I suspect that what Harry Knox says at the beginning of this video is true.  He refers to two polls that have been done of mainline protestants.  (Unfortunately, he doesn’t mention what these polls were, who conducted them, how they were carried out.)  One poll was of clergy and 2/3 said that they wanted to be more welcoming of lgbt members, and to support same-sex marriage rights, but that they were waiting for their congregations to accept it.  The other poll, of church members found 2/3 supported lgbt equality but were waiting for their church leaders to come out and lead on the issue. 

"All life is precious.  What will it take to reverse the trauma that we inflict on others that produces permanent, indelible scars?  When will we see the injustice in the social, emotional and psychological harm that we impose on others?"

-Rev. Dr. T Anthony Spearman, pastor of the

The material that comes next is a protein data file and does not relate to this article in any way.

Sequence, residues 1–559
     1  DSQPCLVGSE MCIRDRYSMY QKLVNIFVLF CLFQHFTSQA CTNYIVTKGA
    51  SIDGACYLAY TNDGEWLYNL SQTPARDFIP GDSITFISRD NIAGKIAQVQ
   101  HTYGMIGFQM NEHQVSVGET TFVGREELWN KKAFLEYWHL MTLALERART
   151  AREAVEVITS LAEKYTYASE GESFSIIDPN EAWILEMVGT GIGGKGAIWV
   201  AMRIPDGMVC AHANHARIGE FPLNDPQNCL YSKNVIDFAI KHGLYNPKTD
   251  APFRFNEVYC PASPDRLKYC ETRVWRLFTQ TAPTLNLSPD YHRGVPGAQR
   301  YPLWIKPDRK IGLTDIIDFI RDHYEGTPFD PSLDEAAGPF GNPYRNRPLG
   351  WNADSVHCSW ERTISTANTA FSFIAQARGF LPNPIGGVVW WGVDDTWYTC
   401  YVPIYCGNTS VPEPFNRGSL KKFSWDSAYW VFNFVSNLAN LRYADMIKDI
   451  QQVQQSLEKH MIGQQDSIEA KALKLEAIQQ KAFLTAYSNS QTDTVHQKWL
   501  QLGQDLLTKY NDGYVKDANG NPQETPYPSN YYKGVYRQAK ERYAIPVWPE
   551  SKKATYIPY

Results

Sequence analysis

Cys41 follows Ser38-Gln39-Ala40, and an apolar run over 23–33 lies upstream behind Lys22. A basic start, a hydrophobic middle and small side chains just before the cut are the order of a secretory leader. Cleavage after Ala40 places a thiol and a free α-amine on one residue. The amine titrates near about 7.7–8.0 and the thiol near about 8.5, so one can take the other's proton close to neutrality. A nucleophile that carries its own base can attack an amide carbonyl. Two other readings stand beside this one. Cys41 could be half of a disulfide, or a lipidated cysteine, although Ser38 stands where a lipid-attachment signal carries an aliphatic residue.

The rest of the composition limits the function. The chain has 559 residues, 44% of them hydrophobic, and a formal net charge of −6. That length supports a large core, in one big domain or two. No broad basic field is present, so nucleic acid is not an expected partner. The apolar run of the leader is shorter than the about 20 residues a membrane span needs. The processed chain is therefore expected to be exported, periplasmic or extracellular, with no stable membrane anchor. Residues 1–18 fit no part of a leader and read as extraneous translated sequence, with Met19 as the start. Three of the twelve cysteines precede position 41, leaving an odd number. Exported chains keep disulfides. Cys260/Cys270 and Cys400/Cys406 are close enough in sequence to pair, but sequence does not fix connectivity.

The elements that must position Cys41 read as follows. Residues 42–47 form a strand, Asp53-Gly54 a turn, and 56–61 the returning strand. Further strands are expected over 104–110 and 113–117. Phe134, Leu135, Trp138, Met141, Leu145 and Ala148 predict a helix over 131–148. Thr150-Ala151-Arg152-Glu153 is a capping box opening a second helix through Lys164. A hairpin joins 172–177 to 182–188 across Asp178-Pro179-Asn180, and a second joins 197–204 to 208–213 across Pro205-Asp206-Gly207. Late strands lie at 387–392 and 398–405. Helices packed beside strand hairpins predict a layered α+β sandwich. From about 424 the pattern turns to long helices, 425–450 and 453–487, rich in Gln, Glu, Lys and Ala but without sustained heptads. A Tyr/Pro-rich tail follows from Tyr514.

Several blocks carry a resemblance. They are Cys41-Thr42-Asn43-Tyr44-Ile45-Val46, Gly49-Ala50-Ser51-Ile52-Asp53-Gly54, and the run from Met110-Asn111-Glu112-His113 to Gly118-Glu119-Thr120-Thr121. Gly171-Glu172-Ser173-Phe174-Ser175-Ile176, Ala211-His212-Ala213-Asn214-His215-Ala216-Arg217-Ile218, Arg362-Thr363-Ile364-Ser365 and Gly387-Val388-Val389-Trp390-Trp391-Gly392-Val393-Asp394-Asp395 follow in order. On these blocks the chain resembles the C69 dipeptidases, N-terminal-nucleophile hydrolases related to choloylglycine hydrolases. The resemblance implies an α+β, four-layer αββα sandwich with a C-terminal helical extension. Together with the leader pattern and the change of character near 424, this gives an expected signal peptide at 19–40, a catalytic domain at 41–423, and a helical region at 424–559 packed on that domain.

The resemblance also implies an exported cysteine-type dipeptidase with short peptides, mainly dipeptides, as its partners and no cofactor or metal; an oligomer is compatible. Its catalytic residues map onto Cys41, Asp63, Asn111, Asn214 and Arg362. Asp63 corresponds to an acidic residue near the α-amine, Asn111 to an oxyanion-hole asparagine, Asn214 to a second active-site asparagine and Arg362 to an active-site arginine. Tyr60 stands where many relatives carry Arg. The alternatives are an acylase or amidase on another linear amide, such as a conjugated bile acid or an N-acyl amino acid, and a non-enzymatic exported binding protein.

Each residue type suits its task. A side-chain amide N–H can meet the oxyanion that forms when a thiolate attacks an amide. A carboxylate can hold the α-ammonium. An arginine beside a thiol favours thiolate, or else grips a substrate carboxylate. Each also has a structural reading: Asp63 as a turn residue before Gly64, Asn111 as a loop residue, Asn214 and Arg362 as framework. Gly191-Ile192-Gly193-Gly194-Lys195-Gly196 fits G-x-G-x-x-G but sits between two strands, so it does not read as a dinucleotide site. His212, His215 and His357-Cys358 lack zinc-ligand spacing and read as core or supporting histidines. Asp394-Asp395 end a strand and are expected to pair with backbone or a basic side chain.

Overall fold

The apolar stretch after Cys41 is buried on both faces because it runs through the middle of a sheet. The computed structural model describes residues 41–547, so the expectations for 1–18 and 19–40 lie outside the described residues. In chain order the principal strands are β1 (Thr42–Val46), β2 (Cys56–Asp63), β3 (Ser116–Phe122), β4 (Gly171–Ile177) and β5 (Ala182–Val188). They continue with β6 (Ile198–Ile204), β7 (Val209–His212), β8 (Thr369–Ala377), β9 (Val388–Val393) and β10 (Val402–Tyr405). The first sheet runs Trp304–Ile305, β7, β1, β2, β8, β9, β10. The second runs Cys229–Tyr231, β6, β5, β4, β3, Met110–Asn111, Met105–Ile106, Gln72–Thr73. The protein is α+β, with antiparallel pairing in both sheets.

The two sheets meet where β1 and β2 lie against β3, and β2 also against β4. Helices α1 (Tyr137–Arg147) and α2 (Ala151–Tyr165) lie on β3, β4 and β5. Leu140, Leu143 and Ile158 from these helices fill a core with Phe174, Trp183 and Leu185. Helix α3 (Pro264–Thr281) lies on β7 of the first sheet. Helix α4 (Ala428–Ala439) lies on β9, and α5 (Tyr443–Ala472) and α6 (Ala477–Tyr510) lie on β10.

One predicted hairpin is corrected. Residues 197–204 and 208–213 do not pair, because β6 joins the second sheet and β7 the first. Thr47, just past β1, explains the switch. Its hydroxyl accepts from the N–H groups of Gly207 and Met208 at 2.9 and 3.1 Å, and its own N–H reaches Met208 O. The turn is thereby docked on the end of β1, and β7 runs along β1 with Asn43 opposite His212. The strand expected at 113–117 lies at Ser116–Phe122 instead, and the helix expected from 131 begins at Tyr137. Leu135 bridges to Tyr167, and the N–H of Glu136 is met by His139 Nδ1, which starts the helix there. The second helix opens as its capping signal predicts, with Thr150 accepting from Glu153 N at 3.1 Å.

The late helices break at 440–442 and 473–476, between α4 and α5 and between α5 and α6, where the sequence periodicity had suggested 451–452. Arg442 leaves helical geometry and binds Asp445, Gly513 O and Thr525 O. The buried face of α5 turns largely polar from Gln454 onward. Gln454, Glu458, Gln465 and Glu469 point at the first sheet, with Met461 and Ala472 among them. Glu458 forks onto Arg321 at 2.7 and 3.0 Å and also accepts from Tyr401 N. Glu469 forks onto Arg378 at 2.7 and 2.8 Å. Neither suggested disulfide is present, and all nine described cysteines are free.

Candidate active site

Clinton Tabernacle AME Zion Church in Hickory, NC, speaking on behalf of Equality North Carolina, in opposition to an amendment that would ban marriage between same-sex couples in North Carolina, and potentially go much further by imperiling basic domestic partner benefits for those who are lucky enough to get them from an employer.

…maybe homosexuals really are born that way. Maybe they don’t have as much of a choice as our theology says they must. Or maybe God has unfairly laid upon them a requirement that’s almost impossible for them to meet. Their very existence, not to mention their recent flourishing and acceptance within mainline Christian denominations, is a vivid reminder that our theology just might be wrong. We have to come to grips with the fact that not all of those who are committed to picking up their crosses and following Christ will also carry all of our own convictions with them. Jesus makes our own burdens light: how wrong is it of us to insist upon placing burdens on the back of others? Where we are wrong, we trust our loving Father to correct us. And so we must encourage one another’s faith, entrust others’ commitment to error to God, and work on getting the planks out of our own eyes.